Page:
The epithet ‘mad, bad and dangerous to know’ could have been invented with Les tlegresses Vertes in mind. Swaggering out oi the same dark, smoke-tilled comer oi Gallic culture as circus troupe Archaos, this disreputable eleven-strong musical ‘tamily’ adopted an insult tor a name, wrote a clutch oi songs liberally peppered with the kind oi French words you don’t team at school and announced their existence to a bemused public with their debut album Mlah, in 1980. A noisy, brassy,

melodic melange oi Paris cale songs


and Mediterranean tolk, reeking oi Gautolses and vin rouge, oozing sex, style and seii-parodic sophistication, it sold 350,000 copies worldwide. Suddenly the words ‘Green negro women?’ were on everybody's lips. Les llegresses emerged irom the cultural and musical larrago oi Parisian post-punk, an unholy alliance ot musicians and ex-circus periormers who iound their name when they gatecrashed a village hop in eastern France. ‘Get lost, you bunch oi negresses vertes‘ was the memorable tum oi phrase with which they were

Rob Strong would be the last man in Dublin to take any kind oi musical

credit tor his son's recent roaring success on the music scene. But Andrew didn't lind that soul voice oi his under a bush. The larynx delinitely takes alterihe Da.

Rob‘s scorching blues voice has been iamous on the Irish music scene tor decades. Gigs with his long-running , band The Rockets were always hot I attractions. Young Andrew lirst came :

under the blues iniluence at the age at eleven, listening to his tather's Ray Charles and Otis Redding records.

At sixteen, when Andrew was roped into a rehearsal session in Dublin, it wasn't altogether surprising that his rendition oi Mustang Sally hugely impressed some onlookers.

It just so happened that one oi them

: was movie directorAlan Parker, who

promptly oltered young Andrew the lead role oi Deco in his upcoming iilm,

shown the door, having milled local leathers withthelr danceitoor antics and dyed green hair. ‘ln France people will make up special phrases to insult you - it’s not a problem,’ says vocalist/guitarist Steiane Metlino, ‘and it’s a great name.’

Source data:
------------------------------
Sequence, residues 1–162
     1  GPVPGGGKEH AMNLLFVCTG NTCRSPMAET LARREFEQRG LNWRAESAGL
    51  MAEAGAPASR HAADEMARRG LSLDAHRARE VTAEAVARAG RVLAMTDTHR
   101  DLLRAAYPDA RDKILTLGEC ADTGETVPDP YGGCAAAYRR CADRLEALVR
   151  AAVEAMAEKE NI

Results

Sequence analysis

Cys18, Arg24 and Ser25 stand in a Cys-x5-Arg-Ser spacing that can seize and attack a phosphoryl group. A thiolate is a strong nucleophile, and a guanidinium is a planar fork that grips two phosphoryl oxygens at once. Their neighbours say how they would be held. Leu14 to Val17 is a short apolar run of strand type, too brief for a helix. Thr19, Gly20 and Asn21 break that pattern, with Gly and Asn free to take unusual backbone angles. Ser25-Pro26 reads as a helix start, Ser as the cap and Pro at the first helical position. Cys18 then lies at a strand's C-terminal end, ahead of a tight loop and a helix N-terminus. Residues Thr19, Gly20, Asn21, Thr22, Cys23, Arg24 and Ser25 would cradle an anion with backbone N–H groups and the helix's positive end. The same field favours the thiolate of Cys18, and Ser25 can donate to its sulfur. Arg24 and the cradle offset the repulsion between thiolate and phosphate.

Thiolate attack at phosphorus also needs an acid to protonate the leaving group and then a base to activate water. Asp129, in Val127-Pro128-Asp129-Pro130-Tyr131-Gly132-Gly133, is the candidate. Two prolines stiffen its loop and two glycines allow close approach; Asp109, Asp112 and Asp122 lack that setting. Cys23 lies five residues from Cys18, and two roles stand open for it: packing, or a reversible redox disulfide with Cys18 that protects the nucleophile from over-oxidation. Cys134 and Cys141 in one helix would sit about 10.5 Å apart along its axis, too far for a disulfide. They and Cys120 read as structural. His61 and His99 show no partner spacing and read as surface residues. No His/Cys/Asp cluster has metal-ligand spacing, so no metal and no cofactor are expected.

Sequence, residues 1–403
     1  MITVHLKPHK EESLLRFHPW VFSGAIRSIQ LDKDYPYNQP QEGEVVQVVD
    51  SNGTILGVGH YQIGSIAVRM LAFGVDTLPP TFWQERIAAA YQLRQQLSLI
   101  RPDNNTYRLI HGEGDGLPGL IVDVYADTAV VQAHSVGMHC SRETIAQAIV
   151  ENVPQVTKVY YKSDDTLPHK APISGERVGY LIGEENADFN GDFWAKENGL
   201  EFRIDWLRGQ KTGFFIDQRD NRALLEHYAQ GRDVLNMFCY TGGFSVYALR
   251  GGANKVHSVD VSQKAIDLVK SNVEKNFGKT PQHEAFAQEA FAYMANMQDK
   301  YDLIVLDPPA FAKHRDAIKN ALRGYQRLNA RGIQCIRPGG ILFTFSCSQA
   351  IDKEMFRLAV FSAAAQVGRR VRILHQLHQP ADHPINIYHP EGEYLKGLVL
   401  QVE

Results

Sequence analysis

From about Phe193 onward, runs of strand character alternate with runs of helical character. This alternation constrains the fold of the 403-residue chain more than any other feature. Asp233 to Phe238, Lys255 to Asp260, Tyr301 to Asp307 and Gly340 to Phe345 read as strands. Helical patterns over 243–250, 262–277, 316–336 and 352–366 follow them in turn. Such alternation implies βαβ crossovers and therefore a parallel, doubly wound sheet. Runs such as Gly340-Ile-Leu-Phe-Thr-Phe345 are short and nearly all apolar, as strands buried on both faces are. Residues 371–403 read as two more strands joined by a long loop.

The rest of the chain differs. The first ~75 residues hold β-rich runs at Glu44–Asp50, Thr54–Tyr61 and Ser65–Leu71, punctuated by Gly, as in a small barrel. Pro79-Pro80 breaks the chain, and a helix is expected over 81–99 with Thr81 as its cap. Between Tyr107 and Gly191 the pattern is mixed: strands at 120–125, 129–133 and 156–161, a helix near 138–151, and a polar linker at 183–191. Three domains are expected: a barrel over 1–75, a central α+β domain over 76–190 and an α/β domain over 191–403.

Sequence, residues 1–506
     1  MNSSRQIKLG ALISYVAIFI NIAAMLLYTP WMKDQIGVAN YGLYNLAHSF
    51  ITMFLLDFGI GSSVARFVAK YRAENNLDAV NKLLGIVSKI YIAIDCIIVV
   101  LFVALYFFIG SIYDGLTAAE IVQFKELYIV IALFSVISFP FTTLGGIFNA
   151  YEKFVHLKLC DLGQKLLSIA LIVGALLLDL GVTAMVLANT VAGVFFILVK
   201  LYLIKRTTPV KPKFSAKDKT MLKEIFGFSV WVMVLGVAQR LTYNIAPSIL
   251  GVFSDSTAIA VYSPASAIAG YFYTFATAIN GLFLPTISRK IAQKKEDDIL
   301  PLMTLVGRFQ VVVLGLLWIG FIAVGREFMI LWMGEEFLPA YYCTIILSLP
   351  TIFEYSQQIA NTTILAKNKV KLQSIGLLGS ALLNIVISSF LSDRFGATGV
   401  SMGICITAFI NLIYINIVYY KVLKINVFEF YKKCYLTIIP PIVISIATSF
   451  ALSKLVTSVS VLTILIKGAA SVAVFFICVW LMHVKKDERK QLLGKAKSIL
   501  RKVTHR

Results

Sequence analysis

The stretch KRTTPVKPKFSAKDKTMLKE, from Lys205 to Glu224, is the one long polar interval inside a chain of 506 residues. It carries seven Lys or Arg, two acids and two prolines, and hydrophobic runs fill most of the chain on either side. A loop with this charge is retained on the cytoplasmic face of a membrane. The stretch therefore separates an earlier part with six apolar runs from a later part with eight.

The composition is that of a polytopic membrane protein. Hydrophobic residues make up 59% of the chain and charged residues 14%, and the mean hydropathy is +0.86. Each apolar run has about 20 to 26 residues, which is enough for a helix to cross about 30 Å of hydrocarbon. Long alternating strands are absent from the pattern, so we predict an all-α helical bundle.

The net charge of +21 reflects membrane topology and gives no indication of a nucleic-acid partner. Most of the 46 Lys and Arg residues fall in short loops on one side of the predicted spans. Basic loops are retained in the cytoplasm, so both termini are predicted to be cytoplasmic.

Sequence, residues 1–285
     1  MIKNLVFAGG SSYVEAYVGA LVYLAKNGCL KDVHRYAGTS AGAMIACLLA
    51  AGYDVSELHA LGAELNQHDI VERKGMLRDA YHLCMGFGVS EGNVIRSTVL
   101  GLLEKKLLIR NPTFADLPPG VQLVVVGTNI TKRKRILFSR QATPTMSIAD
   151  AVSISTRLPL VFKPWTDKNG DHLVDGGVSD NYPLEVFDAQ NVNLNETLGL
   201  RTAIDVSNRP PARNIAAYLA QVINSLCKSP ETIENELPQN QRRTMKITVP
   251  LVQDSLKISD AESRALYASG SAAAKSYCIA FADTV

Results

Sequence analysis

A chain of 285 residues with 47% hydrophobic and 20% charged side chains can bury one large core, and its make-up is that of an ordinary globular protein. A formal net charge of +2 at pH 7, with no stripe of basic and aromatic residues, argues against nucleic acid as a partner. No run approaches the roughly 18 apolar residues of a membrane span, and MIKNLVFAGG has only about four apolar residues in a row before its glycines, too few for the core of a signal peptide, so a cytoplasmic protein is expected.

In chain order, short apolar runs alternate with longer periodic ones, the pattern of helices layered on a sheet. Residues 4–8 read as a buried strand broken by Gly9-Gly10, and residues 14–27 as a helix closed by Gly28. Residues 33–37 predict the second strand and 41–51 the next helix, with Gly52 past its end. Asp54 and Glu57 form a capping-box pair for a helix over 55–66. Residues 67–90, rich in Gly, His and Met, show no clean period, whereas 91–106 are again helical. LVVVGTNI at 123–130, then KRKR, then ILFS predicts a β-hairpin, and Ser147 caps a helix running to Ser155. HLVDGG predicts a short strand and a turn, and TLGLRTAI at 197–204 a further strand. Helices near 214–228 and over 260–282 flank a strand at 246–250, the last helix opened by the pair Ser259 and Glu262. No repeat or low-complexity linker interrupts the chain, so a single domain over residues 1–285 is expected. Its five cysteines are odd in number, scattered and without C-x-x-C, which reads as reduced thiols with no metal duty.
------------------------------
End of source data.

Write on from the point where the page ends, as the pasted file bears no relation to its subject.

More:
Musically speaking, they stood out irom the crowd by becoming one oi the law French outllts to make it big without imitating British or American styles. ‘What we did was really work on our iniluences, the music irom our backgrounds, the traditions we knew,’ says Melllno. ‘Some at us come irom

The Commitments. In Dublin, it’s considered good manners to respond in the alllrmative to a reasonable otter like this. 80 Andrew did the decent thing and accepted.

The rest is Hollywood history: a number one box-oliice smash hit ior Deco and the Dublin cast. BAFTA awards all round. The Commitments soundtracks 1 and 2 going gold and charting nicely, thank you. And Rolling Stone magazine claiming Strong Jnr as the Face and Voice oi rock 'n’ roll in the 90s.

Still nineteen, Andrew is besieged with lurther otters ol tilm work, but he has chosen to concentrate on his lirst love - real music-making. Upcoming gigs include supporting Elton John in Copenhagen, ditto tor Prince in Dublin, coming to Glasgow lor this lirst Scottish/Irish Fleadh, then heading to London tor the Finsbury Park bash.

Otherwise, it's iull steam ahead on his debut album. Signed to MCA, Andrew’s lirst album is due out in the autumn and he intends to make this one really count. Contributors include Messrs Jackson and Wonder, and i hear Andrew is putting his soul into it. The Da would expect nothing less. (Ces Cassidy)

writing, less based on the spoken